Underneath the picture (2) you find the date of the election, campaign logo, campaign motto, texting information, Facebook info, Twitter info, and website. The two most important things are well defined, the election date and the logo. In most circumstance the election date does not have be so pronounced, but since this is a special election primary, accentuating this is almost mandatory. You always want to encourage people to connect with your campaign, but to keep the design clean it is sometimes better to list the most important way to connect while listing the rest of the information on the back of the flyer. On this card I would have suggested moving some of the connection information to the back of the flyer which would enable me to clean up everything else.
The back of the flyer is fairly clean and I love the use of effective white space around the logo (3). This really makes Winslow's name stand out which is exactly what you want on both sides of the flyer. The picture of Dan next to his electric car showcases many images that tells you a lot about the candidate (including a red, white, and blue ribbon!). To address the concerns I have with the front of the flyer there are many things you can condense or edit out to include a tidy "connect" section.
One last thing to note. When I work with graphic designers on flyer designs I always ask them to use the smallest font size possible for the "Paid for by the committee..." disclaimer to save room for more important things. It looks like Winslow's designer got the same marching orders since his disclaimer is almost microscopic (4).
1. White space around logo
2. Pictures with multiple messages
3. Appropriate amount of information
1. Photo on front is cramped
2. Information on front could be better spaced
Overall Rating: B
At first glance this push card seems pretty standard, however "standard" is not something that will grab people's attention. There are also some glaring layout mistakes that makes this key campaign tool ineffective.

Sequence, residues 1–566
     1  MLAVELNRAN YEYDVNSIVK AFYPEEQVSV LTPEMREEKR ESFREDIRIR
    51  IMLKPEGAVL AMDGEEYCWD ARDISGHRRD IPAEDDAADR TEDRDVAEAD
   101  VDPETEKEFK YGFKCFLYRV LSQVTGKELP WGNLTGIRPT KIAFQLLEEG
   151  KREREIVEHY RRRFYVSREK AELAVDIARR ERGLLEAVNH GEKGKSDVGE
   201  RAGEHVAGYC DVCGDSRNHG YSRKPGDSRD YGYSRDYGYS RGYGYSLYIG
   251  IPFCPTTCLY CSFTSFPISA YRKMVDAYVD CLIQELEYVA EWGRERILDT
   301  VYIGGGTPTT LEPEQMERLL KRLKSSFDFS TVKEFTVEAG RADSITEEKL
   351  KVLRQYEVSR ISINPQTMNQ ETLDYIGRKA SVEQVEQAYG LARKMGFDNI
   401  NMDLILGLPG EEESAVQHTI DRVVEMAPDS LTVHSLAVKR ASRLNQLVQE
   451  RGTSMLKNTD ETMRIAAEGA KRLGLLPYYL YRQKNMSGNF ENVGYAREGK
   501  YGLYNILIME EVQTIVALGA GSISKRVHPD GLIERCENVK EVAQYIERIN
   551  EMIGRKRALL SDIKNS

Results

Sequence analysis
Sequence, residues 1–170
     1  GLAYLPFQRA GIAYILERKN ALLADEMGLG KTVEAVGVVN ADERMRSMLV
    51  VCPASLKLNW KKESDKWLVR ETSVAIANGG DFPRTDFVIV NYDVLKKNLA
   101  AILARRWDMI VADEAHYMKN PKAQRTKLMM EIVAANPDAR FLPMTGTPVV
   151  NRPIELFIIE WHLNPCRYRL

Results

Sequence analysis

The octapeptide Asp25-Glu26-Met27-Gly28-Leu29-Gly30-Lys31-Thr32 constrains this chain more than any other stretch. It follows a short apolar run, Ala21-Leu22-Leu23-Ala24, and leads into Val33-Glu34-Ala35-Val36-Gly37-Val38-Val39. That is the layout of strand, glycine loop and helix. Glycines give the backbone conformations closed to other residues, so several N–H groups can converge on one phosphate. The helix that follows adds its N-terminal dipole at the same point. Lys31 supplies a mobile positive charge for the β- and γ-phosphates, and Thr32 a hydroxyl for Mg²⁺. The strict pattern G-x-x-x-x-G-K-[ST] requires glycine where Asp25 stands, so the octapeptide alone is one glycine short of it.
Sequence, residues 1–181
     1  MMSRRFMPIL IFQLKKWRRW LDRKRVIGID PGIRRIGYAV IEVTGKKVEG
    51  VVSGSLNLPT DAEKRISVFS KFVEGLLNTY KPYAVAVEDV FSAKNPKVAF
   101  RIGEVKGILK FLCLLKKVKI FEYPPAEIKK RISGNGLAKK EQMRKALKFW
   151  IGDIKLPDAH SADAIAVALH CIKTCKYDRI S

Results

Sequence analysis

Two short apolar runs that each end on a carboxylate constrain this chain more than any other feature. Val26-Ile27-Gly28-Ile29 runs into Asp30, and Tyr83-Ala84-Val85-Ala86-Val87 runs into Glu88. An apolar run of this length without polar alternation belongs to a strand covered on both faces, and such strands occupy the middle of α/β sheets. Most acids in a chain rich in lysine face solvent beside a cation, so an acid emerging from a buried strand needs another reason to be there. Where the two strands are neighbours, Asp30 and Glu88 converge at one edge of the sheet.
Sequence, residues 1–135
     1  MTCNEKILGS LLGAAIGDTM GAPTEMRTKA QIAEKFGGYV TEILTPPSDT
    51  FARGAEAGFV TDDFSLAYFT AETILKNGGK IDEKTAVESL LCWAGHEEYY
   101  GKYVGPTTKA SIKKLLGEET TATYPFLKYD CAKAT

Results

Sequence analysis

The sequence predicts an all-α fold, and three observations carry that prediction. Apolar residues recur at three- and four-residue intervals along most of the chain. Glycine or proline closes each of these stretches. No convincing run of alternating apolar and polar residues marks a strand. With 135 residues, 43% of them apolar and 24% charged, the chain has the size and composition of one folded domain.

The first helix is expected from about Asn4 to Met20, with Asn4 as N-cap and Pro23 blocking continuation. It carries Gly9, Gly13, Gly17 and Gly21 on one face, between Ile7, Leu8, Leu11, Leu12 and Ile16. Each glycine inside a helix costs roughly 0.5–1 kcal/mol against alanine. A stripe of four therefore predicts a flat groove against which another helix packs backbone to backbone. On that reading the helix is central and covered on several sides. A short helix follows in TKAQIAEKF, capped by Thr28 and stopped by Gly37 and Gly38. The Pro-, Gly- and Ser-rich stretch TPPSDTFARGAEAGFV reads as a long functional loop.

The most noticeable element of this card, the picture, is a complete failure. The picture Sullivan's campaign chose (1) depicts an expression that I am entirely unclear of. Most portraits choose to exhibit an emotional trait like concern or happiness, but this picture looks like one of those strange expressions you have when someone sneaks a picture in mid conversation. Almost more tragically, Sullivan is the oldest candidate in this race and this picture shows me a tired old man instead of someone that is going to tackle the job head on.
A big issue I have with politicians is that most of them think the average voter knows who they are. Sullivan has had held many extraordinary positions including the US Attorney for the Commonwealth of Massachusetts and the Director of the ATF, but if you ask "Average Joe" voter if they heard of Sullivan a majority of the people who tell you they have will only do so out of embarrassment because you put them on the spot.
This card does little to promote the Sullivan brand, a key function of push literature. First, Sullivan's name on the front of the card (2) could not be more hidden. Compressed between the other words on the flyer with little room to breathe, it blends Sullivan's name in with all the other text. If that wasn't bad enough, the blue on grey color scheme is another poor choice preventing Sullivan's name from standing out.